3. Bowel disease. Infectious enterocolitis (dysentery, typhoid fever, cholera). Nonspecific ulcerative colitis. Crohn's disease. Coronary bowel disease. Appendicitis. Colon cancer
    1. Macroscopic characteristics of the small intestine with cholera enteritis 1. a gray-yellow film tightly adhered to the wall 2. ulceration of the mucous membrane 3. multiple hemorrhages 4. wall sclerosis 2. Elements of the pathogenesis of typhoid fever 1. bacteremia 2. bacteriocholia 3. cerebral swelling 4. exudative inflammation 5. hypersensitivity reaction in the lymphoid apparatus 3. Modern
    Colon cancer currently occupies the 3rd place among its other localizations and, according to various authors, makes up 98-99% of all intestinal cancers. Colon cancer is twice as likely to affect men than women. The most common tumor location is the sigmoid (25-30%) and, especially, the rectum (about 40%). All other parts of the colon are significantly affected by the cancer.
  5. P. POLYPES AND Tumors of the Large Intestine
    1. Benign polyps, polyposis and tumors. The etiology and pathogenesis, as well as tumors, in general, have not yet been sufficiently studied. Benign tumors (according to WHO, Geneva, 1981) are divided into three groups: 1). epithelial; 2). carpinoid; 3). non-epithelial tumors. Among the epithelial tumors of the colon, which make up the vast majority of all its tumors, distinguish
  6. Tumors of the small and large intestine
    Epithelial tumors make up the majority of intestinal neoplasms. Moreover, the colon, including the rectum, is one of the most common organ localizations of primary tumors. As an oncological cause of death for both sexes, colorectal cancer takes second place after bronchogenic carcinoma. The vast majority of cases of colon cancer are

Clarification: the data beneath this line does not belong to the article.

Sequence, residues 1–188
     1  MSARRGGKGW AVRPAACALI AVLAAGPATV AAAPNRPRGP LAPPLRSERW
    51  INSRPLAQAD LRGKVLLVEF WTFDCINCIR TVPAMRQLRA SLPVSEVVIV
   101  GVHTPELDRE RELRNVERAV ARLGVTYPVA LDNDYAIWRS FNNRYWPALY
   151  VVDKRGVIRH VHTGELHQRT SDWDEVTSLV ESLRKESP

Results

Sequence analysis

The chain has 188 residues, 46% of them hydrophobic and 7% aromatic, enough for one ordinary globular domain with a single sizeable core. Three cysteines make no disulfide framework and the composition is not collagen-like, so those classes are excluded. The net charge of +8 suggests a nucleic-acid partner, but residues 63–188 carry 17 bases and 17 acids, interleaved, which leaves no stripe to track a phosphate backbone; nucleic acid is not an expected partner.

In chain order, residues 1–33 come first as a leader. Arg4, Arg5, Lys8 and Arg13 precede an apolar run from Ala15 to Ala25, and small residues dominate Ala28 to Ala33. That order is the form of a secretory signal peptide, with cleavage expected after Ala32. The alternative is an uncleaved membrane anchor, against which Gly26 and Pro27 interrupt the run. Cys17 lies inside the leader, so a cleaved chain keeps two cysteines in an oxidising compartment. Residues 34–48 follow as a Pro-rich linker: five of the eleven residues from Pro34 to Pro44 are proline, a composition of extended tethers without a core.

The purpose of this operation is the resection of the rectosigmoid colon and the reanastomosis of the colon and rectum with a single-row Gumbi suture. The physiological consequences. After removal of the rectosigmoid colon, the physiological consequences are minimal. If the patient received a course of radiation therapy in the pelvic area, then before performing a low anastomosis, it should be applied for 8-10 weeks
    The Strasbourg-Baker method involves applying a side-to-end anastomosis between the sigmoid colon and the rectal stump without shutting down the inferior mesenteric artery from the blood supply. It is also commonly used to preserve the anterior hemorrhoidal artery. An anastomosis according to Strasbourg-Baker can be formed with a manual seam or using a modern stapler (ACC). If
  9. Colon Cancer Screening Tests
    Screening tests are used to detect the asymptomatic course of the disease in apparently healthy people. To some extent, these tests are designed to increase a person’s life expectancy and improve its quality. An effective test should have sensitivity (optimal detection of patients), specificity (give a minimum of false positive results) and be accessible to a wide range of patients.
  10. Colon Syndromes
    Violation of the stool (frequent urge to defecate with small portions of feces containing mucus, sometimes blood, diarrhea can be replaced by constipation). • Pain (aching pain in the lower abdomen, less often colicky pain, lessening after defecation, gas discharge, worse after eating rough, greasy, fried foods). • Dyspeptic (bad taste in the mouth, belching with air, bloating).